The Aging Mind: Opportunities in Cognitive Research

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Contents

  1. Cognition, Persuasion and Decision Making in Older Consumers | SpringerLink
  2. Get this edition
  3. Cambridge Centre for Ageing and Neuroscience
  4. Understanding the Aging Mind: Center for Healthy Minds a Key Resource

Language English View all editions Prev Next edition 1 of 6. Other Authors Stern, Paul C. Carstensen, Laura L. National Research Council U. Subjects Cognition -- Age factors.

Cognition, Persuasion and Decision Making in Older Consumers | SpringerLink

Ability, Influence of age on. Electronic books. Cognition -- physiology. Age Factors. Cognition Disorders. Cognitieve vaardigheden.


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Veroudering biologie, psychologie Altern. Kognitive Kompetenz. Summary "Exciting new research has yielded potential breakthroughs in our understanding of how the mind ages. We have learned, for example, that as we age, cognitive decline may depend less on loss of brain cells age than on changes in the health of neurons and neural networks.

Not only has research shown promise of new ways to promote cognitive functioning in older people, it has also revealed the link between biology and culture as determinants of cognitive functioning. Past life experiences, present living situations, changing motives, cultural expectations, physical health status, and sensory-motor capabilities are all factors in how we adapt to changes in our nervous system as we age - and may affect the brain itself.

Contents 1.

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Understanding the Aging Mind 2. Neural Health 3. Cognition in Context 4. Structure of the Aging Mind 5. Implementation App. Morrison App. Cotman App. Finucane and Donald G. Fisher App. For additional information, see the Global Shipping Program terms and conditions - opens in a new window or tab This amount includes applicable customs duties, taxes, brokerage and other fees. For additional information, see the Global Shipping Program terms and conditions - opens in a new window or tab. Estimated between Thu.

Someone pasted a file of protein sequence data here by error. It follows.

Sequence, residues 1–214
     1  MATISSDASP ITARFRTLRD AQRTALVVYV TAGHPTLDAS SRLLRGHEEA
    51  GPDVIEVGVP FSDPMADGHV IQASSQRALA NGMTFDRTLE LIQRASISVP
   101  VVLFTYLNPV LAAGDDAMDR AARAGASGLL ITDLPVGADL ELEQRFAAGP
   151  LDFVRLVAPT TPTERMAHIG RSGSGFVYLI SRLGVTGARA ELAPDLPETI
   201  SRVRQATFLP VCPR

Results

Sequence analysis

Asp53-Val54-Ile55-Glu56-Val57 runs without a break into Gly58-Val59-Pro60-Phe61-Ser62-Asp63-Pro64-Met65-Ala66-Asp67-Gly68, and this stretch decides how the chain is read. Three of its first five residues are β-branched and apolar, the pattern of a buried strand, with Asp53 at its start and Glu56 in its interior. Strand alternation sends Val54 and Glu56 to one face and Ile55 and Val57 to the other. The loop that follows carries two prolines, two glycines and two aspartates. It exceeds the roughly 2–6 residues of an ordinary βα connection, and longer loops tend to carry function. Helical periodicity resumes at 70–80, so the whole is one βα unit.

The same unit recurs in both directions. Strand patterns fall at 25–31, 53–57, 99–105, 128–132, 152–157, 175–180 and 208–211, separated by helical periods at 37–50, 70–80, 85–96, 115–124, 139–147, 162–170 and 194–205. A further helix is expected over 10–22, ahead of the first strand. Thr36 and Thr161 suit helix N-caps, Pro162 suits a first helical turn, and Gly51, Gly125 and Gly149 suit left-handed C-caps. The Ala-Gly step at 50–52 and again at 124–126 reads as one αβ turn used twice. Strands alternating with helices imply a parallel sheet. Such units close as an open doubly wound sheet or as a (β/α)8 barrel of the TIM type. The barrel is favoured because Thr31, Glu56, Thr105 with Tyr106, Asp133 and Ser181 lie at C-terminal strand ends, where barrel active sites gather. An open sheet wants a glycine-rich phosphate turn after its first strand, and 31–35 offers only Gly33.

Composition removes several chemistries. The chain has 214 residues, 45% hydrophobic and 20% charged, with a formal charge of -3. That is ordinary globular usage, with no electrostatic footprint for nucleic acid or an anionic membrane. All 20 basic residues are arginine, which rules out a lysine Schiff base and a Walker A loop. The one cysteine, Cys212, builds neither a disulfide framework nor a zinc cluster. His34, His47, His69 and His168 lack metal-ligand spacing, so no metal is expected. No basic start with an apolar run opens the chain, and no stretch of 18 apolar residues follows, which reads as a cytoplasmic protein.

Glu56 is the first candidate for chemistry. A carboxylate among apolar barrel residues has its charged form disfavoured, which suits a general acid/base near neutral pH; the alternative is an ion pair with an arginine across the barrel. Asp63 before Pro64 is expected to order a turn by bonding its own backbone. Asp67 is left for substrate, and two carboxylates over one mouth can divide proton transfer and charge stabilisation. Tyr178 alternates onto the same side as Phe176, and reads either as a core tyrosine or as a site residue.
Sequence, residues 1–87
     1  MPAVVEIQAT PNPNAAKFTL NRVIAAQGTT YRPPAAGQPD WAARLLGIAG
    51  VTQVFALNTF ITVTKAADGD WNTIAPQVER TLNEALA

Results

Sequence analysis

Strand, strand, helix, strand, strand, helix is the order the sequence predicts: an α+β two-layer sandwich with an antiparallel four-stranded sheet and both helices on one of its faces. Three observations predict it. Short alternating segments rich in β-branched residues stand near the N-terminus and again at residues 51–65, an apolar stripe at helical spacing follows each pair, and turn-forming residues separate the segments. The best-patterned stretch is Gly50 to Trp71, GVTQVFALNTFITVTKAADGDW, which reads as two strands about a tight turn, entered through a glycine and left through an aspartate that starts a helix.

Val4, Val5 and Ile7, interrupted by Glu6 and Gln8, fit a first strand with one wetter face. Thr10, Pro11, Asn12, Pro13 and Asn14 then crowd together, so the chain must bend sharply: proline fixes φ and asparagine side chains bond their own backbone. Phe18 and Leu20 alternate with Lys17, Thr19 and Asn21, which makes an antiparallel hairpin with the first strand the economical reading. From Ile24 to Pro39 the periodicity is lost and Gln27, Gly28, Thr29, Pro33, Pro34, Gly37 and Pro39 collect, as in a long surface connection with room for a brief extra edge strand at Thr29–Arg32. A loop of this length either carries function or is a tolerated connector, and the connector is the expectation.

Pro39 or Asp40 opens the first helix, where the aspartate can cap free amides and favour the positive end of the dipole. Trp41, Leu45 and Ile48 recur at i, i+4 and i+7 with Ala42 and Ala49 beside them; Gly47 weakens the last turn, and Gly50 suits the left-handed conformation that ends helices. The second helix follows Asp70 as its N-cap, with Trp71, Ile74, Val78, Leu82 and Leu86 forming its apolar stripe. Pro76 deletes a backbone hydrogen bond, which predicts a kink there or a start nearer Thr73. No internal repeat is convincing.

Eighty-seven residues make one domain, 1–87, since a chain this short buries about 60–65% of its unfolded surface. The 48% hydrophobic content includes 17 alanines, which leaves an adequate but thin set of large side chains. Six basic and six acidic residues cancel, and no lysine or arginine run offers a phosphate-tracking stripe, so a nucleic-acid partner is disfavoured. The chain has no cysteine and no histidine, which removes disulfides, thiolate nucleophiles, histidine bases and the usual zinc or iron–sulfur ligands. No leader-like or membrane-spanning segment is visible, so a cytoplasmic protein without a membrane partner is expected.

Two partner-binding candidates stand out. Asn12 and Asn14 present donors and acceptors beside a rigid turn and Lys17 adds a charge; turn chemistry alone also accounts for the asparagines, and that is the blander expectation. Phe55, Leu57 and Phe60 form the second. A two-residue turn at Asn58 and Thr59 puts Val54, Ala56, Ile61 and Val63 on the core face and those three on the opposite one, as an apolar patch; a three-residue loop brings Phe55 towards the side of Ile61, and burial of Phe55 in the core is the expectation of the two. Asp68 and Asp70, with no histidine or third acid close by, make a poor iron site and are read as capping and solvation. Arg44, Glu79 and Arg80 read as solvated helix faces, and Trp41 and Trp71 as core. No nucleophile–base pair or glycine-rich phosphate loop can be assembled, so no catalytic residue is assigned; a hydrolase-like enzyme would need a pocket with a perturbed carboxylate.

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Cambridge Centre for Ageing and Neuroscience

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Understanding the Aging Mind: Center for Healthy Minds a Key Resource

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Shipping cost cannot be calculated. Please enter a valid ZIP Code. Shipping to: Worldwide. No additional import charges at delivery! Analysis of cognitive decision-making in older people finds that key thinking processes change as we age, and that some cognitive biases and heuristics are often more prevalent in older people. Three key differences are outlined below:. These cognitive declines are thought to occur due to a reduction in the integrity of brain connectivity; vascular damage in the brain — even in the healthiest of people — reduces the efficiency of white matter connectivity which then affects aspects such as working memory which are crucial for fluid intelligence.

Ellen Peters, Professor of Psychology at Ohio State University believes that although older people are still capable of drawing on their fluid intelligence and the more deliberative processes of System 2, it takes more effort so they tend to save up precious cognitive resources for important decisions they care about which have significant consequences.

Race, risk, and resilience: understanding racial differences in cognitive aging and brain pathology

So older people tend to prefer simple choices with minimal options and information that is succinct and pretty straightforward. An 85 year old retired engineer in the US trying to make her healthcare choices exclaimed:.


  1. Mathematical Applications in Political Science II..
  2. Read The Aging Mind: Opportunities in Cognitive Research PDF Online - video dailymotion.
  3. Three Behavioral Insights into the Aging Mind | juxanokysa.gq | The BE Hub.
  4. Form and Good in Platos Eleatic Dialogues: The Parmenides, Theatetus, Sophist, and Statesman!
  5. Centre for Scaffolding the Ageing Mind!
  6. If there was a single card and it was administered by Medicare, and it got the cost of drugs down — wonderful, marvellous. They have a greater tendency to focus on, seek out and remember positive emotional experiences and find positive information more salient whilst either not noticing or forgetting negative messages. This may mean they will be more influenced by positive frames than negative. There is also evidence that they are more affected by loss aversion.

    Much of the research by Laura Carstensen and her colleagues illustrates this phenomenon. For example:. Gone are the goal striving, purpose-seeking, horizon-expanding days of their youth. Instead they focus on what brings emotional satisfaction , either through meaningful relationships such as grandchildren or friendships or ways in which to savour life, because they perceive their life is nearer its end than its beginning — a phenomenon known as Socioemotional Selectivity Theory.